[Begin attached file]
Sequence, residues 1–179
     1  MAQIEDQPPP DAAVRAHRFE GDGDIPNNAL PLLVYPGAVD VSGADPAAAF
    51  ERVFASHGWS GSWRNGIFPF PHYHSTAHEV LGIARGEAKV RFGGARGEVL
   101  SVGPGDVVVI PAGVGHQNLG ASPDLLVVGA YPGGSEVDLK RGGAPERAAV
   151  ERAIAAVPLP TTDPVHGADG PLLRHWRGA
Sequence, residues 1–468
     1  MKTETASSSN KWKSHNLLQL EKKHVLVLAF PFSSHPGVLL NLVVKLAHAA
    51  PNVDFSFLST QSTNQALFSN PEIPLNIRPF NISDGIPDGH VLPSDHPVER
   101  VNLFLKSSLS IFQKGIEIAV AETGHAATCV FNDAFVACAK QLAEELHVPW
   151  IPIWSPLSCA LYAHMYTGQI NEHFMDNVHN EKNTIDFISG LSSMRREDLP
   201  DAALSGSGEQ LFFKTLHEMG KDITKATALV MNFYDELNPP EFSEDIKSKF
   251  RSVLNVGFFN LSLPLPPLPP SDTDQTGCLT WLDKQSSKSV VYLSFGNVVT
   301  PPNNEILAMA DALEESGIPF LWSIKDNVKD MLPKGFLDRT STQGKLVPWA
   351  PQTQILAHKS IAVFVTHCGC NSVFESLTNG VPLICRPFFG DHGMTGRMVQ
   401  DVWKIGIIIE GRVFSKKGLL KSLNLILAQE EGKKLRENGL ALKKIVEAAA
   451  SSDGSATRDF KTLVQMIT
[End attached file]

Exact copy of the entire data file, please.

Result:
Sequence, residues 1–179
     1  MAQIEDQPPP DAAVRAHRFE GDGDIPNNAL PLLVYPGAVD VSGADPAAAF
    51  ERVFASHGWS GSWRNGIFPF PHYHSTAHEV LGIARGEAKV RFGGARGEVL
   101  SVGPGDVVVI PAGVGHQNLG ASPDLLVVGA YPGGSEVDLK RGGAPERAAV
   151  ERAIAAVPLP TTDPVHGADG PLLRHWRGA
Sequence, residues 1–468
     1  MKTETASSSN KWKSHNLLQL EKKHVLVLAF PFSSHPGVLL NLVVKLAHAA
    51  PNVDFSFLST QSTNQALFSN PEIPLNIRPF NISDGIPDGH VLPSDHPVER
   101  VNLFLKSSLS IFQKGIEIAV AETGHAATCV FNDAFVACAK QLAEELHVPW
   151  IPIWSPLSCA LYAHMYTGQI NEHFMDNVHN EKNTIDFISG LSSMRREDLP
   201  DAALSGSGEQ LFFKTLHEMG KDITKATALV MNFYDELNPP EFSEDIKSKF
   251  RSVLNVGFFN LSLPLPPLPP SDTDQTGCLT WLDKQSSKSV VYLSFGNVVT
   301  PPNNEILAMA DALEESGIPF LWSIKDNVKD MLPKGFLDRT STQGKLVPWA
   351  PQTQILAHKS IAVFVTHCGC NSVFESLTNG VPLICRPFFG DHGMTGRMVQ
   401  DVWKIGIIIE GRVFSKKGLL KSLNLILAQE EGKKLRENGL ALKKIVEAAA
   451  SSDGSATRDF KTLVQMIT